Seize the Awkward empowers young adults to help friends who are struggling with mental health issues (and who may be at risk for suicide) by encouraging them to consistently start and sustain conversations about mental health with their friends.

The new iteration of the campaign, “Whatever Gets You Talking,” showcases the variety of ways young people can start and continue those conversations with their friends, whether that be through a GIF, emoji, call or text.

The campaign drives to SeizeTheAwkward.org, where visitors can explore resources and tools to help them start a conversation with a peer around mental health.
More than one in three American adults have prediabetes and are at high risk of developing type 2 diabetes —a serious health condition that can lead to a heart attack or stroke. Of these individuals, more than 80% of people with prediabetes don't know they have it.Thankfully, the vast majority of people with prediabetes can take steps to reduce their risk. Through weight loss, diet changes, and increased physical activity, prediabetes can often be reversed.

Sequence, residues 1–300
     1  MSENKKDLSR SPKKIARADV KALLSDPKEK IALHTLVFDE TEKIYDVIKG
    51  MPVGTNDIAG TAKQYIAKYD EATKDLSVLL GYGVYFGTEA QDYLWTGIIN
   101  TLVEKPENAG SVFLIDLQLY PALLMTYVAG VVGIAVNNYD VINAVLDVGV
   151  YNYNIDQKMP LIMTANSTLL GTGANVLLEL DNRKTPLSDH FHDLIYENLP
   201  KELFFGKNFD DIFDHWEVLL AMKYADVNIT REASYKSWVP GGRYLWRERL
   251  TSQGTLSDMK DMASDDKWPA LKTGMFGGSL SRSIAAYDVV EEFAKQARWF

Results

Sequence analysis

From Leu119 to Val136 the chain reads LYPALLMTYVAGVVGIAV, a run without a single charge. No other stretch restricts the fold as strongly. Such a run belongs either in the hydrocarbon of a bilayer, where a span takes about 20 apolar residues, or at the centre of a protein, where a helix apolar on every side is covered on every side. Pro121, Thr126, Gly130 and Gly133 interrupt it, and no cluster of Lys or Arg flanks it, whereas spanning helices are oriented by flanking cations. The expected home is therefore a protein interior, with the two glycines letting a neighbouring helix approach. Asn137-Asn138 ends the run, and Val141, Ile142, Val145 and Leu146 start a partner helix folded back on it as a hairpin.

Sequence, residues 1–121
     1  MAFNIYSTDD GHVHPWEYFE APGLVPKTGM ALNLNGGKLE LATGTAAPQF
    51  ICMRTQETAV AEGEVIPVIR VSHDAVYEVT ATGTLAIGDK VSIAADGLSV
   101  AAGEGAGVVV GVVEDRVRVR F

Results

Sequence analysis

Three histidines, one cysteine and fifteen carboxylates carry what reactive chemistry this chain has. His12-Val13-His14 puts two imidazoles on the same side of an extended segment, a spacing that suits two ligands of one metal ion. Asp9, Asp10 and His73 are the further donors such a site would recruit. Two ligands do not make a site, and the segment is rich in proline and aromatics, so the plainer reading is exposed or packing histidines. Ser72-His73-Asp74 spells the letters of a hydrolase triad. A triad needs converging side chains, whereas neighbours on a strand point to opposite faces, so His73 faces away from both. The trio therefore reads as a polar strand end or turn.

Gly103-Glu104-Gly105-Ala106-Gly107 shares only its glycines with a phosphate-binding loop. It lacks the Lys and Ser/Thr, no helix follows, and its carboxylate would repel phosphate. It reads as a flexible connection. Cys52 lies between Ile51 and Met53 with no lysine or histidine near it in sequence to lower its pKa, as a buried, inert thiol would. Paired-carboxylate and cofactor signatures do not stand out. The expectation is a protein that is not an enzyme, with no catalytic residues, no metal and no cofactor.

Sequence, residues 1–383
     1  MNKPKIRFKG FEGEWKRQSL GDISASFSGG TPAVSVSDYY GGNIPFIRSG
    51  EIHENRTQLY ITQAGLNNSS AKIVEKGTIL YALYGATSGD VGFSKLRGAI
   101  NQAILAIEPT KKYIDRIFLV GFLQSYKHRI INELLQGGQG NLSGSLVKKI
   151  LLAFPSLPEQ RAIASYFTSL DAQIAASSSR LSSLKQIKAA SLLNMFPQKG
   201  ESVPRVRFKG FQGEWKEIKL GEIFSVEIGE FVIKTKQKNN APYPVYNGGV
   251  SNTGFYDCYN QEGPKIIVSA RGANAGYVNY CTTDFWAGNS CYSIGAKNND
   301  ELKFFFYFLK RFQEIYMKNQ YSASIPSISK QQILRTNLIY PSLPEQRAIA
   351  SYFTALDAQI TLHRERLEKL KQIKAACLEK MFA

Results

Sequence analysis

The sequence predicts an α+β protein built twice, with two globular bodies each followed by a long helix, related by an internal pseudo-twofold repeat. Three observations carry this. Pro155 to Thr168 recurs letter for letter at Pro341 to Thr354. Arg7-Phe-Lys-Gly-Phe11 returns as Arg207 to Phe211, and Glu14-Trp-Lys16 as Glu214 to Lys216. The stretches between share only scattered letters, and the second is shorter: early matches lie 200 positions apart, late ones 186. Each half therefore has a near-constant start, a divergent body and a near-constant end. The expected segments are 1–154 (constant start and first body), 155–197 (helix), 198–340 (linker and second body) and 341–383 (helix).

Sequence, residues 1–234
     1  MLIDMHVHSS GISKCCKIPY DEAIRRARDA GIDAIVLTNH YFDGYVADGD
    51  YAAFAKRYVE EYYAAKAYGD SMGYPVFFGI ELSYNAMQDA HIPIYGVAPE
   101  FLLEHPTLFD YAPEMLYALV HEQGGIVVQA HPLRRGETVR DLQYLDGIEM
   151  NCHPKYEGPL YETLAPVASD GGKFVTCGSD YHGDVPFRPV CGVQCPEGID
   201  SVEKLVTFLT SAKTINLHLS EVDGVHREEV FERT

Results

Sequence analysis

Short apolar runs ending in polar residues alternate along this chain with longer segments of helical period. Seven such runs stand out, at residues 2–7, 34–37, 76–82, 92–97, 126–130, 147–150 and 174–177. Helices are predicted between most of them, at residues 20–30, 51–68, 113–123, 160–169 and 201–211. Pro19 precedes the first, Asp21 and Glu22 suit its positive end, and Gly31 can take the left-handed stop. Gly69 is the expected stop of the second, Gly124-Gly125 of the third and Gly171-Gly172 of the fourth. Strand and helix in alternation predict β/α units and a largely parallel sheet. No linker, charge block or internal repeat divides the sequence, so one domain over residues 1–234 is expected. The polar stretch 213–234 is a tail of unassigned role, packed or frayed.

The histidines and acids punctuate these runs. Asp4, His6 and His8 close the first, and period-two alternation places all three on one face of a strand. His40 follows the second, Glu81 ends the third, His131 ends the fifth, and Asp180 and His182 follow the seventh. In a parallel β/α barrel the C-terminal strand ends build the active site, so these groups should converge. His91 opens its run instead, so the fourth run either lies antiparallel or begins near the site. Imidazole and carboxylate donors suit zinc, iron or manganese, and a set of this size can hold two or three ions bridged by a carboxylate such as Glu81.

These PSAs encourage viewers to visit the campaign website where they can take a one-minute risk test to know where they stand. The campaign highlights the importance of early diagnosis, speaking with your doctor and visiting DoIHavePrediabetes.org to learn more about prediabetes.
There is a mental health crisis among our country’s youth. Young adolescents (10-14) are experiencing increased rates of mental health challenges and youth of color, in particular, face the additional trauma of systemic racism and greater challenges in accessing the support they need.

Sound It Out uses the power of music to help parents and caregivers have meaningful conversations with their middle schoolers about emotional wellbeing. We paired middle-school aged kids and their caregivers with musical artists, like KAMAUU, Tobe Nwigwe, Empress Of, and Lauren Jauregui, to create an album of exclusive songs inspired by the emotions in their conversations. The album is available at SoundItOutTogether.org and EscuchandoSentimientos.org, where caregivers can also access free, expert-vetted resources to guide conversations with their child about emotional wellbeing.
Vaping can cause irreversible lung damage and affect kids' brain development, but parents can play a vital role in preventing their kids from using e-cigarettes. Thousands of kids start vaping every day, so it's important for parents to have proactive and ongoing conversations about the dangers of trying e-cigarettes.

The most recent creative, “#DoTheVapeTalk,” capitalizes on popular viral dance video trends, and drives parents to visit TalkAboutVaping.org for tips on when and how to have the vape talk with their kids.